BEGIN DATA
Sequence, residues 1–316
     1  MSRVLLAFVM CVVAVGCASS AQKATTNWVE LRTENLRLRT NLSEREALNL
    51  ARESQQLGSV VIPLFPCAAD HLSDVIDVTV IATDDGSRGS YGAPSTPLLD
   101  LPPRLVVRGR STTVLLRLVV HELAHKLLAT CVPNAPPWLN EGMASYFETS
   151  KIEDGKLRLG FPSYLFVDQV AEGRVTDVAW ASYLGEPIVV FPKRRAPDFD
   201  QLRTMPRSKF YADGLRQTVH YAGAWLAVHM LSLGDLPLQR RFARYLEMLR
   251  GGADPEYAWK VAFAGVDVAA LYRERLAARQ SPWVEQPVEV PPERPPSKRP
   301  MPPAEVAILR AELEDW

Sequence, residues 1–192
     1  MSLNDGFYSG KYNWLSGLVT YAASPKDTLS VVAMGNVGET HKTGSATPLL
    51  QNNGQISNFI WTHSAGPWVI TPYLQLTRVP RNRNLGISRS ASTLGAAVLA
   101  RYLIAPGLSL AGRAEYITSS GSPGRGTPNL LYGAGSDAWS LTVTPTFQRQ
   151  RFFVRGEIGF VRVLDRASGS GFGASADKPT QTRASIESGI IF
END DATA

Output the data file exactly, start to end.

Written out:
Sequence, residues 1–316
     1  MSRVLLAFVM CVVAVGCASS AQKATTNWVE LRTENLRLRT NLSEREALNL
    51  ARESQQLGSV VIPLFPCAAD HLSDVIDVTV IATDDGSRGS YGAPSTPLLD
   101  LPPRLVVRGR STTVLLRLVV HELAHKLLAT CVPNAPPWLN EGMASYFETS
   151  KIEDGKLRLG FPSYLFVDQV AEGRVTDVAW ASYLGEPIVV FPKRRAPDFD
   201  QLRTMPRSKF YADGLRQTVH YAGAWLAVHM LSLGDLPLQR RFARYLEMLR
   251  GGADPEYAWK VAFAGVDVAA LYRERLAARQ SPWVEQPVEV PPERPPSKRP
   301  MPPAEVAILR AELEDW

Sequence, residues 1–192
     1  MSLNDGFYSG KYNWLSGLVT YAASPKDTLS VVAMGNVGET HKTGSATPLL
    51  QNNGQISNFI WTHSAGPWVI TPYLQLTRVP RNRNLGISRS ASTLGAAVLA
   101  RYLIAPGLSL AGRAEYITSS GSPGRGTPNL LYGAGSDAWS LTVTPTFQRQ
   151  RFFVRGEIGF VRVLDRASGS GFGASADKPT QTRASIESGI IF